I’ve been finished with Shadows for over a week, and I’m still trying to think about how to discuss it intelligently. Mostly, I just want to gush, so I guess I will do that first, and then try to make one or two intelligent comments to finish up.
Alright, gushing first: I have been a Robin McKinley fan since my mom handed me Beauty in 5th or 6th grade, and Beauty has remained my favorite of her books (with Spindle’s End a close second) ever since. I still have my original copy of Beauty and I probably reread it every few years.
I may have a new favorite Robin McKinley book.
I’m a little surprised by this, because I can’t quite pinpoint why I like Shadows so much, but it was just a completely satisfying read for me. I don’t want to reread it again right now, but I feel like I will want to reread it again in the next year…and then who knows how many other times. I like that it has a more contemporary feel (another of her “alt-modern” books), but it’s a different contemporary world than either Dragonhaven or Sunshine. I like the different languages that play a part (Japanese and some invented languages) and that it deals with the issues of borders and safety and how people choose to deal with the dangerous stuff that the world throws at us, but it doesn’t preach about any of these topics. I like that the “evil stepfather” is presented as a way to introduce the story, but that Maggie (the main character) is willing to reconsider once she realizes that her stepfather is not evil, just magical. I also like the “critters” everywhere…I am not really a critter person (one cat is just right for me, thank you), but the critters are both endearing and normal, which helps draw you into Maggie’s world.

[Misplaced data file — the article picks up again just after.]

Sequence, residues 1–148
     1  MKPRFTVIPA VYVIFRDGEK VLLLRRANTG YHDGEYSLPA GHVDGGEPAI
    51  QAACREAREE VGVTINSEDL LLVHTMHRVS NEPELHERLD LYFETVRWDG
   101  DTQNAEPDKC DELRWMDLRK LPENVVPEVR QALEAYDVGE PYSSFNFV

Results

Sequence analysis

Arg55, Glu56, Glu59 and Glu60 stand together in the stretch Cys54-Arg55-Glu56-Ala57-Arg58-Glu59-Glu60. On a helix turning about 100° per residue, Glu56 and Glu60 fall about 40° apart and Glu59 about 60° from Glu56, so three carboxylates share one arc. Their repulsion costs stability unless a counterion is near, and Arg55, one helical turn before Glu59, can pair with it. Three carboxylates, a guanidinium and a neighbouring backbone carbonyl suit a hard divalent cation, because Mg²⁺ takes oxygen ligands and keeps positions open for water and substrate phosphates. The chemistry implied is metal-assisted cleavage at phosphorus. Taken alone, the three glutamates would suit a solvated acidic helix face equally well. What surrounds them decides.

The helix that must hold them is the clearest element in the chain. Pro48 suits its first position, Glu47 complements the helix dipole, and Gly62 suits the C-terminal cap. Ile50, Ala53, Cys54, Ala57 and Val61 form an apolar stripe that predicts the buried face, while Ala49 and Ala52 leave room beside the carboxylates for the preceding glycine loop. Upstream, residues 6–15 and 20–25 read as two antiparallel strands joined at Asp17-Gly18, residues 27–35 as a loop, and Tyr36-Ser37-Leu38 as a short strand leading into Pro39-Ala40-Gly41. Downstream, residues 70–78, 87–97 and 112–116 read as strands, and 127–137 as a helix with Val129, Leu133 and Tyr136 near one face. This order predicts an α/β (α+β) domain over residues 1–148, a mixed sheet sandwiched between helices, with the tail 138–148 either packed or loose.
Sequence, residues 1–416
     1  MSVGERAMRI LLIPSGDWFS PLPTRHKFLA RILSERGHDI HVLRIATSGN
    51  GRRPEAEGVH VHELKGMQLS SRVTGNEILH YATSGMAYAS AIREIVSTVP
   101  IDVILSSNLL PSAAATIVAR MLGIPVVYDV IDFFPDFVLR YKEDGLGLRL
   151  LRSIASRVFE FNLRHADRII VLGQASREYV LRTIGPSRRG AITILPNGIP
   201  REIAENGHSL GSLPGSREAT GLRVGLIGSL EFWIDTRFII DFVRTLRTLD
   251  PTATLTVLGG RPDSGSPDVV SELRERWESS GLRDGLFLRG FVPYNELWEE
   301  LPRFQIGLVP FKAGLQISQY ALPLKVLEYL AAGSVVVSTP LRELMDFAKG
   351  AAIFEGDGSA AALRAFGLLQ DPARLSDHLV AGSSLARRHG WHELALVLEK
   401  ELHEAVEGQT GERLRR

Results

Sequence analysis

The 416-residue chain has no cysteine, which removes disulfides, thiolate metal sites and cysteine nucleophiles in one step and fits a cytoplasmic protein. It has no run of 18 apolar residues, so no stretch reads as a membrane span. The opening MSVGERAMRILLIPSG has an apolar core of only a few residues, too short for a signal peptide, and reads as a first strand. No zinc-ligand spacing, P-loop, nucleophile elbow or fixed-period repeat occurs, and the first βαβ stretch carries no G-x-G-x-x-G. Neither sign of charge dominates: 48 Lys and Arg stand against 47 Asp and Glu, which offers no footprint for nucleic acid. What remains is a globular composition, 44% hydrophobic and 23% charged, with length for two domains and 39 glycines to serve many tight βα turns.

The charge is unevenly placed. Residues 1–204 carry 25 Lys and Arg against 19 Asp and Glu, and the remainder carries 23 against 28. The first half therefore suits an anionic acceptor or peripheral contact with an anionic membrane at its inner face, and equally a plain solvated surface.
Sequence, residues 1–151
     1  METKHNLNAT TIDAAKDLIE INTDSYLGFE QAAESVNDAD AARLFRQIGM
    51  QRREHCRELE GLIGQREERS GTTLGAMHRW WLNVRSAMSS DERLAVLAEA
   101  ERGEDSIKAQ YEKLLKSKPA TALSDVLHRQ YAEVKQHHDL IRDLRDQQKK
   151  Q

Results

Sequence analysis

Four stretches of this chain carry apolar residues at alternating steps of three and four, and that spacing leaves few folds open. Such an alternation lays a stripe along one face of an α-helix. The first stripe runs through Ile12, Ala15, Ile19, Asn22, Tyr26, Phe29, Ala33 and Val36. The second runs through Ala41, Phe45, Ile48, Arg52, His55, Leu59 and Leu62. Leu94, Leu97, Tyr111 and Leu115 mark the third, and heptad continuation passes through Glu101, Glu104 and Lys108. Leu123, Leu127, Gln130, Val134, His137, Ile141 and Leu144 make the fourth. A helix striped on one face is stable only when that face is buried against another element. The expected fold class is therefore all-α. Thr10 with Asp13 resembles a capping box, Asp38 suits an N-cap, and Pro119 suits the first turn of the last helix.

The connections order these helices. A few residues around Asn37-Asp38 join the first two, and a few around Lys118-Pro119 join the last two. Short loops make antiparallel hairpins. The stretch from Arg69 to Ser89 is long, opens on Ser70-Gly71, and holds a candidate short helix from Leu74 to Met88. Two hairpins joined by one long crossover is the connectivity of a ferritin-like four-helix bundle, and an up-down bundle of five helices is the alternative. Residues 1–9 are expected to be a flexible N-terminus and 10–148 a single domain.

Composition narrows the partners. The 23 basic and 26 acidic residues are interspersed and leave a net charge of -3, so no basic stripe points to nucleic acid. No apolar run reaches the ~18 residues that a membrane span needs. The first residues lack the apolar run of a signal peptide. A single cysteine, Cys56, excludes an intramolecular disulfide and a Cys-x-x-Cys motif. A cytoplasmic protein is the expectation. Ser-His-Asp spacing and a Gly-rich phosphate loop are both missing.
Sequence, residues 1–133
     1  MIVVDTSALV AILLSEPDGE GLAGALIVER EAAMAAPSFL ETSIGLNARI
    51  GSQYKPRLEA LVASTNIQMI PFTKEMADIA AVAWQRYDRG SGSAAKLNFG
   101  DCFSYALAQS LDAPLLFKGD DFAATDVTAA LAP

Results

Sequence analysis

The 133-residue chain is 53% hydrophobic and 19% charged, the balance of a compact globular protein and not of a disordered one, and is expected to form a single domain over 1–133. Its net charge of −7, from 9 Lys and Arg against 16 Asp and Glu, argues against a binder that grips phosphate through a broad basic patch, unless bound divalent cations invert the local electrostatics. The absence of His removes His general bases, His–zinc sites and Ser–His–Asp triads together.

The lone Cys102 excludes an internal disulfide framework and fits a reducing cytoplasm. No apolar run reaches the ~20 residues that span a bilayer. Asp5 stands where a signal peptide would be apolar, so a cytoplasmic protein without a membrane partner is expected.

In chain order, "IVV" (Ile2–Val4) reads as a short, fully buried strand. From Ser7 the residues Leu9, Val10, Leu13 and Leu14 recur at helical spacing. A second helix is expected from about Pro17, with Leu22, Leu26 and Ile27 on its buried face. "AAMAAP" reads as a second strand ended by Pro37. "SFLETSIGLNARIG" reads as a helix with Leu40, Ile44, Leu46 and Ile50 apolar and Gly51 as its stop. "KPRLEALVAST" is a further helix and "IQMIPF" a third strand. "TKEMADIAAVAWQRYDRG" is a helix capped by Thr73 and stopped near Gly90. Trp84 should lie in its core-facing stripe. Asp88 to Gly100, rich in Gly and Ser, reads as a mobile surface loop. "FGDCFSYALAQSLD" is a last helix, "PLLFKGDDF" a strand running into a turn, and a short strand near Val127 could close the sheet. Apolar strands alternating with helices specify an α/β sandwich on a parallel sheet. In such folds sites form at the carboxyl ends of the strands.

I also like that, while the ending of the book is a little ambiguous (you don’t know if and how all the big issues are going to be resolved), you know who is who in Maggie’s group of friends and family…I can take a lot of plot ambiguity if all the relationships I’m interested are nicely settled!
Ok, I still don’t have anything especially critical or not-gushing to say. Everyone can have some blind spots with their favorite authors, right? Maybe after I reread this 2 or 3 times, I’ll be able to look at it a little more critically, but in the meantime, I strongly recommend it to anyone who likes: fantasy, magic, dogs, Japanese, origami, hot chocolate, magical creatures, teenage protagonists, or romance. Oh, and anyone who hates math. You won’t be disappointed.